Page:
Late TD lets Tigers stun top-ranked Florida, 36-33 Penn State, Auburn looking out for No. 1

October 16, 1994|By Gene Wojciechowski | Gene Wojciechowski,Los Angeles Times

GAINESVILLE, Fla. -- They stopped just short of calling Florida's coaches stupid. The words formed on their lips, the temptation to rip never more appealing than after the Auburn Tigers' last-minute, 36-33 shocker against the No. 1 Gators yesterday at Florida Field.

Why, asked Auburn's players, did some rocket scientist in the Gators coaches' booth -- a.k.a., defensive coordinator Bob Pruett -- decide free safety Michael Gilmore could cover the Southeastern Conference's third-best wide receiver, Frank Sanders, one-on-one?

Gilmore: 5 feet 11 (if that), 180 pounds, a Rhodes Scholar finalist last year, but not to be confused with anyone who can actually jump.

Sanders: 6-2, 200 pounds and the same guy Florida coach Steve Spurrier had identified earlier in the week as Auburn's go-to player, especially on lob passes.

With 36 seconds left, Auburn trailing 33-29, the ball on Florida's 8-yard line, Sanders trots into position and sees Gilmore across from him. Worse for the Gators, Auburn quarterback Patrick Nix saw him, too. Sanders sprinted for the end zone. Nix lofted the ball toward the left corner. Gilmore and the Gators died.

"I have to question their defensive strategy on that one," said Nix, who completed 28 of 51 passes for 319 yards and three touchdowns. "They put [Gilmore] over Frank and blitzed us . . . on the 8-yard line. We can't throw the ball too far down the field, so I don't know why they blitzed."

It was one of nearly two dozen crucial mistakes the Gators made.

The Florida Flop in detail: five interceptions (four thrown by former Heisman Trophy contender Terry Dean, who was benched midway through the third quarter), one fumble, nine penalties, five sacks given up and one of the strangest defensive calls you'll ever see.

"They gave Frank man-to-man coverage, and as soon as we saw it, it was like little kids at Christmas," Nix said. "It was there, and we both knew it was there. As soon as we got up to the line of scrimmage I knew it was going to be a touchdown."

The win ended Florida's stay atop the polls and, probably, its chance at a national championship. Now the Gators (5-1) will have to depend on the kindness of strangers -- anyone who plays unbeaten Auburn, Nebraska, Penn State and Colorado.

"We come down here, 16-point underdogs, and beat them again," said Auburn coach Terry Bowden, whose team beat Florida 38-35 last year, but is ineligible for postseason play this year because it is on probation for NCAA violations. "You tell me, should we be No. 1? I say yes."

Gone was Spurrier's string of 15 consecutive home victories against Southeastern Conference opponents, to say nothing of his pre-game contention that No. 6 Auburn was something of a pretender, that the Tigers' schedule was borderline laughable. The comment rankled Auburn (7-0), but then again, Spurrier is famous for spouting off.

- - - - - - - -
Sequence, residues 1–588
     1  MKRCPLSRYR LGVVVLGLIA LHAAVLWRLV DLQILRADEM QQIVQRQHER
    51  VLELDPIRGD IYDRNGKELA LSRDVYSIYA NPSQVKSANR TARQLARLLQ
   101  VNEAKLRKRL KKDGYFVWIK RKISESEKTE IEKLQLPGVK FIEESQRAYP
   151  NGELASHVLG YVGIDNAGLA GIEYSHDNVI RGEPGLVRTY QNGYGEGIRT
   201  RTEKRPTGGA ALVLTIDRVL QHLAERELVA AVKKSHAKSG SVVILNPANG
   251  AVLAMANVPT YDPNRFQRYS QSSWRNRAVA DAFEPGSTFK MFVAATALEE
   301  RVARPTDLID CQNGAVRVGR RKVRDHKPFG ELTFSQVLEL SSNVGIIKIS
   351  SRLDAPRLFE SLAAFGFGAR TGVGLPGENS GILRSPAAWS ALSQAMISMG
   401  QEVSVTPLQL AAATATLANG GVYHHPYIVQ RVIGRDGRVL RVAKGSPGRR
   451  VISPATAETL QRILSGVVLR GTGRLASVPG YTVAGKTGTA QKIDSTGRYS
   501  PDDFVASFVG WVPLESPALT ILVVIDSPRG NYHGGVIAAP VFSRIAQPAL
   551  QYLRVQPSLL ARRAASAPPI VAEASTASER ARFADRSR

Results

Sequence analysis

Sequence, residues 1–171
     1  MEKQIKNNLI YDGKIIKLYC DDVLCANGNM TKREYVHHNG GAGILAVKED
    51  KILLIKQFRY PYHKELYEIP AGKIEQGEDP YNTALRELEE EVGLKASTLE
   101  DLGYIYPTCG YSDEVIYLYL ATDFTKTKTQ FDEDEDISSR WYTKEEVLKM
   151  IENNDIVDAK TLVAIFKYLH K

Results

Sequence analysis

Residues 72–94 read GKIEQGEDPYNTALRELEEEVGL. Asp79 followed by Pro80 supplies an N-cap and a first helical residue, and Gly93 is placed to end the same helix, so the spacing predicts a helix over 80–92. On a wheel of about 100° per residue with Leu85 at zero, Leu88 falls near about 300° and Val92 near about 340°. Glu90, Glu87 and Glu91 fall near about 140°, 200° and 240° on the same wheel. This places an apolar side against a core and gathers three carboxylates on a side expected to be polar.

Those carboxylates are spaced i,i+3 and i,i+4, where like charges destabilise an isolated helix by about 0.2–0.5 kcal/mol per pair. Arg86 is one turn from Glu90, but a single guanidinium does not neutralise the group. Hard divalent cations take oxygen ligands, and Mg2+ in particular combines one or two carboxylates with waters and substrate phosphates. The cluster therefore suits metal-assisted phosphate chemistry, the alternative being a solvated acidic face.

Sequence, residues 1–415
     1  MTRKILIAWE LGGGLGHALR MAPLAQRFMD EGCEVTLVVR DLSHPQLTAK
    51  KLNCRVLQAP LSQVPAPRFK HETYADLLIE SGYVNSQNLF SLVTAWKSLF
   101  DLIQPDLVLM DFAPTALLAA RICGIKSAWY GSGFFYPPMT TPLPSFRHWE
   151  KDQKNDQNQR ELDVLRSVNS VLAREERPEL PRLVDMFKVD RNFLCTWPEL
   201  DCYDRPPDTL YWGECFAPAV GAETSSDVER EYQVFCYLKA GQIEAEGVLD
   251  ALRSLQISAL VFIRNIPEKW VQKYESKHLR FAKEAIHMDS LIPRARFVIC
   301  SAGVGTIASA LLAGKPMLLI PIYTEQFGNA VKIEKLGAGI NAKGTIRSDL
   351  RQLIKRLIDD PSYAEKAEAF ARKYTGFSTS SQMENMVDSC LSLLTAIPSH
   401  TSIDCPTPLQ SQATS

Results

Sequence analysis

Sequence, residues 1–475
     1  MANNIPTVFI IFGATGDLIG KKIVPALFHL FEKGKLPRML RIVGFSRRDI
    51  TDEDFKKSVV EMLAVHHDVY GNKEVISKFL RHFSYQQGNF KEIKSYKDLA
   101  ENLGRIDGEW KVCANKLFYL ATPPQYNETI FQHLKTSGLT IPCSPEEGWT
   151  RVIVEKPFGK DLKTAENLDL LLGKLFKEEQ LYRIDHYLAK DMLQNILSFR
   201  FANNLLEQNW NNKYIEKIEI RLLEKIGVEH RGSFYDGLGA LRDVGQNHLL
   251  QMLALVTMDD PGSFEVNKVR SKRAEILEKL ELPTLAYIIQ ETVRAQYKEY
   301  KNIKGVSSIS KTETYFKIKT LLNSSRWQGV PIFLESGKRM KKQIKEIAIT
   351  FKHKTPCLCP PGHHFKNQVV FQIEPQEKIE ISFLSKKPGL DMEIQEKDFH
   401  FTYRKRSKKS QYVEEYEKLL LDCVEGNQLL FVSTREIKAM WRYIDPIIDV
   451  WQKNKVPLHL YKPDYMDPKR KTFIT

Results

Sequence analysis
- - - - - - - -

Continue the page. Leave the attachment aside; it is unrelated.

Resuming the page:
"I told our team we didn't coach our best game and a lot of players did not play their best game," said a slightly humbled Spurrier.

Dean was 7 of 19 for 126 yards, one touchdown and four interceptions, two leading to Auburn scores -- a field goal and a touchdown. A fumbled snap by Dean accounted for another Tigers field goal.

The victory was especially sweet for Bowden, whose team had listened to Florida's staff and players issue assorted slights against the Tigers, who extended their NCAA-best consecutive victory streak to 18. The schedule was soft . . . Auburn's victory against Florida last year was a fluke. This would be different, Florida vowed.

So much for vows. Four of Spurrier's past five losses have come against Bowdens, two against Terry, two against Terry's father, Florida State coach Bobby Bowden. In all, Spurrier is 1-5 against Terry and Bobby.

The Gators couldn't stop anybody when it counted. They botched the coverage against Sanders in the waning moments and were fooled completely in the second quarter when Sanders ran a 28-yard reverse for another touchdown.

Still the Gators had a 33-29 lead with 1:45 left.

But for reasons unclear, the Gators decided to pass on a third-and-15 from their 29-yard line. They could have run the ball, knocked precious time off the clock, forced Auburn to use its second of three timeouts and then punted and force the Tigers to drive 70 or so yards for the winning touchdown.

Instead, Spurrier, who prides himself on calling all the plays, instructed Danny Wuerffel to throw for the first down. Wuerffel had played wonderfully in relief -- 10 of 13 for 171 yards and three touchdowns -- but this time he made his first and only mistake.

With no Florida receiver in sight, Wuerffel let loose with a pass anyway and then watched as free safety Brian Robinson made the interception, his third of the game. Rather than have to start their final drive at, say, the Auburn 30 after a punt, the Tigers started at the 45.

The Tigers had 1:20 and two timeouts to move 55 yards. Nix found Sanders for a 13-yard gain. Later, on a third-and-10 at the Florida 42, Sanders dropped a pass that hit him in the hands.

With 51 seconds left and no choice but to try for the first down, Nix found Bailey open for 14 yards.

Nix hit Willie Gosha for a 20-yard gain to move the ball to the Florida 8. That set up the Sanders-Gilmore matchup.

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